# Is the charge on the plates of a parallel plate capacitor induced charge?

My question is-

Is the charge on the plates of a parallel plate capacitor induced charge?

Imagine two plates of the capacitor have $+q$ and $-q$ charges on it.

Basically, what I want to know is that if, I earthed (or grounded) one plate of a parallel plate capacitor, would the charge distribution still remain symmetrical (in equal and opposite sense) or would it change? I think that if it is induced charge it would not change otherwise it should change.

Thanks!

Imagine two plates of the capacitor have $q$ and $-q$ charges on it.

If both plates have some non-zero net charge, it means that the charge is not induced. Electrostatic induction could cause charge redistribution in a neutral conductor, but the net charge would remain zero.

Basically, what I want to know is that if, I earthed (or grounded) one plate of a parallel plate capacitor, would the charge distribution still remain symmetrical (in equal and opposite sense) or would it change?

Grounding of one of the plates would not change charge distribution. Moreover, if the grounded plate did not have any net charge on it before the grounding, it would attract charge $q$ (positive or negative, depending on the charge sign on the other plate) from the ground to make the capacitor neutral and the distribution of charges would be indistinguishable from the first scenario.

• Why will grounding not change distribution? Oct 14 '20 at 2:41

Basically, what I want to know is that if, I earthed (or grounded) one plate of a parallel plate capacitor, would the charge distribution still remain symmetrical (in equal and opposite sense) or would it change?

The energy associated with an unbalanced charge tends to be relatively high. Look at all of the matter around you. It consists of positively charged protons and negatively charged electrons but virtually all of the objects around you are electrically neutral because of the large energy penalty associated with having unbalanced charges. So, yes, if you started charging one plate of a parallel plate capacitor with a static electricity generator with the opposite plate connected to ground, then the opposite plate would try to draw in electrons from the ground or expel electrons into the ground in order for the capacitor as a whole to remain electrically neutral and thereby minimize the electrostatic energy of the system. Your attempt to charge up one plate of the capacitor would induce a nearly equal and opposite charge on the opposite plate of the capacitor.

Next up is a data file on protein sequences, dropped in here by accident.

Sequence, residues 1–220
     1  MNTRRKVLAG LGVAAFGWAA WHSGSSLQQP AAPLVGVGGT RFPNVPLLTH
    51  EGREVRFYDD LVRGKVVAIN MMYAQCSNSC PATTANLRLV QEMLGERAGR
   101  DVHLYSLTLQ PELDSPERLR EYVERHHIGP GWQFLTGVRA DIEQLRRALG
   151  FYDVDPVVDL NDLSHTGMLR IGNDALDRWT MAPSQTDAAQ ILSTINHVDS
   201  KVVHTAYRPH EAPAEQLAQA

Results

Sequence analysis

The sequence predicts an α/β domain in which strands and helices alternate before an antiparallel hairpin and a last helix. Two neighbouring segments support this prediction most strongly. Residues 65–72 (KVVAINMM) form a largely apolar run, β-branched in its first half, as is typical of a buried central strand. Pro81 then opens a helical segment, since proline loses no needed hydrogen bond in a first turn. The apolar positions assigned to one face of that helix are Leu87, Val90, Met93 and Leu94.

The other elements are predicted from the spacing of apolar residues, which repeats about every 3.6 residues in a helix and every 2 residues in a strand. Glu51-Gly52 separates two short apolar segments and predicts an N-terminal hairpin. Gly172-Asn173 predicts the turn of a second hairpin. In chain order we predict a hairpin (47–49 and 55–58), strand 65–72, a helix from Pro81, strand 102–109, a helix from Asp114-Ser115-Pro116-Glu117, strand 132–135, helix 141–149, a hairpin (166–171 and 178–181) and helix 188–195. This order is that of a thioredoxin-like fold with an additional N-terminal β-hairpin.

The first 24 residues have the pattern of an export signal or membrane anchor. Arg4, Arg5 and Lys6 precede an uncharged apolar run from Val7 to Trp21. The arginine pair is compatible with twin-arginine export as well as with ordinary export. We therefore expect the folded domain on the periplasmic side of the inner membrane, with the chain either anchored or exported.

Lets make the charges on both plates the same $$q,q$$. Now ground one of them. What do you expect should happen? The charges on the grounded plate go into ground. Experiencing repulsion from the other like plate, they wish to get as far away as possible. Ground is like infinity, so they go there.

Conversely, when the charges on the plates are opposite, upon grounding, the charges on the plate would stay the same. In fact, instead of grounding, if you put another similar plate between the two and then connect it to any one plate, the charges on that plate would flow onto it.$$^1$$

In fact the above arguments hold for any pair of conductors in any charge config.

The charges on the plates of a capacitor aren't induced charges in the same sense as imparting temporary charge separation to a conductor via contactless electrostatic induction. That keeps the conductor neutrl. Instead the charging of each plate (while the whole thing stays neutral) is the $$work$$ of the charging battery. This is not to say that charges on one plate, are independent of the other when the battery has been removed. They bask in each other electric field.

But this point is irrelevant here. How charges got onto the two conductors has no bearing on what those charges will do when one of them is grounded.

$$^1$$ accompanied by energy loss.